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In 1976, the famous Adventure game appeared. Previous computer games offered only abstract concepts and rules, like the pieces and moves of chess or checkers. But Adventure offered a world to explore, items to carry, and objects to manipulate as the player tried to find the treasures hidden in a system of underground caves.
Early this year I ported Adventure to Python 3, partly to get practice with the new version of my favorite programming language, but even more because I wanted to finally learn all of Adventure's secrets. There is no exercise like re-implementing a computer program to make you really learn every single detail of how it operated — because I had to duplicate every single behavior of the old program in my new code.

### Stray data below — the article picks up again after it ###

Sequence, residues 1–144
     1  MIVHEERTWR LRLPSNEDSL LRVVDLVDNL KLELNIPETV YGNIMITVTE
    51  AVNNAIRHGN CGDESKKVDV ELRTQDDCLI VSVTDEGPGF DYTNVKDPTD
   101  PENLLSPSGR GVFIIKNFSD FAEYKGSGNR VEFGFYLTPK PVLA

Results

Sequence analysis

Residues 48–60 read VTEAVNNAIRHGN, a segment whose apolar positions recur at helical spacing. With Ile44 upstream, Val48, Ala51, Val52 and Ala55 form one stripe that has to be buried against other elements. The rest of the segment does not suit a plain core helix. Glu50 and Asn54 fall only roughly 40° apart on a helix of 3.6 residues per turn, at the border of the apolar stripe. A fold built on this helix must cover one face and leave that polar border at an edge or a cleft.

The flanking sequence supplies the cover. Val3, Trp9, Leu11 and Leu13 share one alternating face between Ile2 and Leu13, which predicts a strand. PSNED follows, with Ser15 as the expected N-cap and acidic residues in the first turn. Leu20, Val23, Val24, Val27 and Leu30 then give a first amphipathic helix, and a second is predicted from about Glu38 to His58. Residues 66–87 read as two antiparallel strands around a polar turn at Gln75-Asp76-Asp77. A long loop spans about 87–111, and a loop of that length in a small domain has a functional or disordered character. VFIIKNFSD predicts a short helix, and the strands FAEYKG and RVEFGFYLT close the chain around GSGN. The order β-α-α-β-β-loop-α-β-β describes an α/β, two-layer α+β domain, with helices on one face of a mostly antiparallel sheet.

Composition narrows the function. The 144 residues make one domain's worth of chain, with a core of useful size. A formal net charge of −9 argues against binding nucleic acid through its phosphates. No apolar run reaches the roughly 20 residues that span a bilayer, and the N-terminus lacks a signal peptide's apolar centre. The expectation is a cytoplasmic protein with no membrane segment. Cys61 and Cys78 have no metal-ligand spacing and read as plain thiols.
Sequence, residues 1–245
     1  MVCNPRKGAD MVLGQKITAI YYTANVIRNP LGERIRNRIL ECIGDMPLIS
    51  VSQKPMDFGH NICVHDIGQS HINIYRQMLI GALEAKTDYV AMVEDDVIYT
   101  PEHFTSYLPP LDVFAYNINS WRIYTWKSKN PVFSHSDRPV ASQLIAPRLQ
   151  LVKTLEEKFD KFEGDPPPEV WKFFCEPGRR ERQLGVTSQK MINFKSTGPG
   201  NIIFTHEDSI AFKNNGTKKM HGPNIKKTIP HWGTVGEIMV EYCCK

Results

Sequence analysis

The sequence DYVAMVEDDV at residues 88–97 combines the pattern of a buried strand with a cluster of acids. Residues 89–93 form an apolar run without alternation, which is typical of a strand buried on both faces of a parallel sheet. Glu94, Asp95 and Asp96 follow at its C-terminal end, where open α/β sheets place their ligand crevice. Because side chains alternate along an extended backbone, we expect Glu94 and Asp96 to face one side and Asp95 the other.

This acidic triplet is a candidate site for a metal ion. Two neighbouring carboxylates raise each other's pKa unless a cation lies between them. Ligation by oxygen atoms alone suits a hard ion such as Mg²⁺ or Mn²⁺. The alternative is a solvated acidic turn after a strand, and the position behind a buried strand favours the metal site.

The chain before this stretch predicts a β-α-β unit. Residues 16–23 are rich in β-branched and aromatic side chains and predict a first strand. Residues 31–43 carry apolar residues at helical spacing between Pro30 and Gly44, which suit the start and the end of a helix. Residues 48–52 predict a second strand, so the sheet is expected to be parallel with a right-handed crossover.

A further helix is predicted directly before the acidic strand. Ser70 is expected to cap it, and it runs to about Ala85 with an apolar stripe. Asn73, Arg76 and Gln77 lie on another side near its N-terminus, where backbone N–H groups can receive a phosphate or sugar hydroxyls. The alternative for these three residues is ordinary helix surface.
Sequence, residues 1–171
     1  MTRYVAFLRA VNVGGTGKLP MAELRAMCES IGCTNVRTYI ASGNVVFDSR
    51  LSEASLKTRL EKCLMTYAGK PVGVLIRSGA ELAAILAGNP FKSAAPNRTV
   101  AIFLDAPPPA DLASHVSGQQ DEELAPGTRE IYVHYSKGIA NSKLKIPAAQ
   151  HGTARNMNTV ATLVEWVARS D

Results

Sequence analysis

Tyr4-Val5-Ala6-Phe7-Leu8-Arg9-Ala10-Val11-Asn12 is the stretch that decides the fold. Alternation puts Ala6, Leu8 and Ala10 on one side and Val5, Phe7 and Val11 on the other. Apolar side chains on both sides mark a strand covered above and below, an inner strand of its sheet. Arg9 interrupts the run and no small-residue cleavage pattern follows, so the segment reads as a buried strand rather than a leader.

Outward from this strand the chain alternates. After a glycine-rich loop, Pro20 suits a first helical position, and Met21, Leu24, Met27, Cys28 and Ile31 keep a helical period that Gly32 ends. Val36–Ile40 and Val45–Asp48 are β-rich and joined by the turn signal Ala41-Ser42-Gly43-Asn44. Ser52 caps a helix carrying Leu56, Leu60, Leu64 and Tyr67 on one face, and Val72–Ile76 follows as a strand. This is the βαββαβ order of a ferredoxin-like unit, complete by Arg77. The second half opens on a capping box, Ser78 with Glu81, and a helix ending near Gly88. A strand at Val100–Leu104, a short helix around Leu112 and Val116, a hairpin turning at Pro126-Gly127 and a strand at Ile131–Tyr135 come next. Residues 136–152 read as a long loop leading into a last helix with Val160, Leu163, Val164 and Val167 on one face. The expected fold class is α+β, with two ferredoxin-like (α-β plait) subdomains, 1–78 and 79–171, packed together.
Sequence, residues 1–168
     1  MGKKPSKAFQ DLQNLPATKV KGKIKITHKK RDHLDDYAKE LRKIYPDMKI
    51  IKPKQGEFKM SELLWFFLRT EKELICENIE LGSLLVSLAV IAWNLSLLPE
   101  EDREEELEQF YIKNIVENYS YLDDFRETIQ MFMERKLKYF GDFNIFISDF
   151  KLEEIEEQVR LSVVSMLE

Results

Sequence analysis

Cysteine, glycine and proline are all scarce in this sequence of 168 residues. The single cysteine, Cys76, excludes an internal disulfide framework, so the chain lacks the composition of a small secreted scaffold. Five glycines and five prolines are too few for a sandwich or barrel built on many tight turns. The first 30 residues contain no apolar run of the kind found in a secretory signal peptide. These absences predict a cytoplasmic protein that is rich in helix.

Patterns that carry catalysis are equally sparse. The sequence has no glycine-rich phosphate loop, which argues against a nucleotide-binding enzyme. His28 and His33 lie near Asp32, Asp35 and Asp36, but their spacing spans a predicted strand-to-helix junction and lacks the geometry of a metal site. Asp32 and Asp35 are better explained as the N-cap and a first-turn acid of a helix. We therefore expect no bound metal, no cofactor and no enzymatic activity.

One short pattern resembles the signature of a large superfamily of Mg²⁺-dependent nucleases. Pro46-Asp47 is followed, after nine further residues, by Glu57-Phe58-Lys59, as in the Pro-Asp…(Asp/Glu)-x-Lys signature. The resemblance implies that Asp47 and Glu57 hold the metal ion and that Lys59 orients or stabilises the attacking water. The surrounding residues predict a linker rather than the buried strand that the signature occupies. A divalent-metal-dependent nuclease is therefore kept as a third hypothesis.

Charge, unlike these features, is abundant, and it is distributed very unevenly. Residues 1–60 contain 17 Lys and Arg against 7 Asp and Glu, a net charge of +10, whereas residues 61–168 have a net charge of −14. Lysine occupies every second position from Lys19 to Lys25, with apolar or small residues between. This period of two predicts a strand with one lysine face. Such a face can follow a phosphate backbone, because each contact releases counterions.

I was very happy with the response, including several laughs when I presented my work in a five-minute lightning talk at this year's PyCon. In the photo above, you can see the past meeting the future meeting the past: the old Adventure game, rewritten and running under modern Python 3, but displayed on a vintage 1970s computer terminal — exactly the sort of screen and keyboard on which the original players would have met the game!
About the original game:
My lightning talk (skip to around 1:05):